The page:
NetQuilt, a protein function prediction method: Interview with CDS PhD student Meet Barot
The body is an incredibly complex system, and its distinctive qualities are derived from an individual’s DNA. Think of DNA as a set of instructions; it gives your body directions to create all sorts of proteins used to structure, function, and regulate the body’s tissues and organs. Proteins exist in all organisms as they are the fundamental building block of life. But for all that is known about proteins, most have a minimal amount of information regarding what it is they actually do.
Meet Barot is a PhD student at CDS focused on using data science to identify each protein’s function, given the limited amount of information that currently exists on proteins. Recently, he worked with CDS associated professor Richard Bonneau and CDS Associate Professor Kyunghyun Cho on NetQuilt, a protein function prediction method. We asked Meet to explain his work on the project.
(Interview is slightly edited for brevity.)
Tell us a little about your project, NetQuilt.
So, NetQuilt is a protein function prediction method for taking in protein interaction networks of different organisms. A lot of existing function prediction methods only use sequences which gives you a limited amount of information to work with.
It’s similar to social networks; you’re able to determine something about a person based on whom they associate with or the types of things they like. That kind of information can tell you a lot about someone. In the same way, if you know what proteins associate with each other, that can tell you a great deal about what a protein does.
Another factor is homology, which is a term used to describe the type of sequence similarity. Homology implies some sort of evolutionary relationship; if two proteins have high sequence similarity, it’s more likely that they evolved from a common ancestor in terms of the organisms. That’s another kind of relationship that we wanted to encode in our model. We wanted a way to combine the evolutionary/homology relationships and the protein interaction, network relationships in an informative way for a machine learning model to take as input to predict a protein function at the output.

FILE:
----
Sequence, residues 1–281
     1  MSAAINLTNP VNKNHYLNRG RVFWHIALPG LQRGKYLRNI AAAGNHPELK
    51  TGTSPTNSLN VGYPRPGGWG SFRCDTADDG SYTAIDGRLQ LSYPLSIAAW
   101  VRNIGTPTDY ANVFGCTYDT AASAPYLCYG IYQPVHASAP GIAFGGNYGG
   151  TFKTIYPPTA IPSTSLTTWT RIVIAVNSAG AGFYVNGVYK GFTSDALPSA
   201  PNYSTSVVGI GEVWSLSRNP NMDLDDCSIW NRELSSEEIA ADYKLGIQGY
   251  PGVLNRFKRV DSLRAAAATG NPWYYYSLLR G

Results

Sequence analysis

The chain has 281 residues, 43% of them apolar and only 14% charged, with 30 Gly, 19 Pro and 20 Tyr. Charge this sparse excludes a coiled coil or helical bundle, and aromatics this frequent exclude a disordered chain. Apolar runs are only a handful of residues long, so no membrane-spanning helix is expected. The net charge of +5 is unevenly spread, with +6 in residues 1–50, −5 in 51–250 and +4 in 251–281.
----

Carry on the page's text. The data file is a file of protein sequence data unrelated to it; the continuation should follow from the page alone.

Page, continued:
How did you get involved in establishing NetQuilt?
Previously, I had been working on protein function prediction with my co-author Vladimir Gligorijević. Eventually, Vlad, Richard Bonneau, and I developed this method called deepNF, a protein interaction network-based function prediction method for a single organism. However, we wanted to expand the model to use multiple organisms’ data. This would allow for more transfer between proteins that are well studied in an organism and between organisms that are not well studied. My work with NetQuilt improved upon deepNF as it analyzes the relationship between multiple organisms instead of one. You can also transfer the knowledge that we know of from existing organisms. It’s a pretty significant step up in terms of functionality and also accuracy. In general, it’s both a qualitative and quantitative kind of improvement.
What conclusions have you reached with your research, and what implications does your research have?
I am primarily interested in the constant improvement of these methods. In terms of the actual use of NetQuilt, I view it as mainly a stepping stone to better models. However, there are many potential applications for this method, not just protein function prediction. This is a very general network-based model. Because it’s a node labeling problem, you could replace the end task with predicting some other quality about proteins, rather than the Gene Ontology terms that we were originally predicting.
Potentially, someone could use this algorithm for protein function prediction. But the field is advancing and more sophisticated algorithms are coming out all the time. We’ll likely have improved versions in the near future.
Tell us more about what you’ve been currently working on!
The current work that I’m doing is to discover new functions entirely. We currently have systems that describe what proteins do in terms of previously known functions. Previously, we were trying to assign proteins with a particular label that we already knew about. For example, we knew that it’s possible for a protein to bind DNA, and we can assign a new protein with that label. Now, the problem that I’m focusing on is trying to describe the function of a protein without any constraints to discover new functions entirely, by generating the descriptions of a protein’s function in natural language. I think it’s pretty exciting. If we were able to make this kind of system, it could have many implications for biologists. Beyond an improvement in predictive performance, it’s a different paradigm.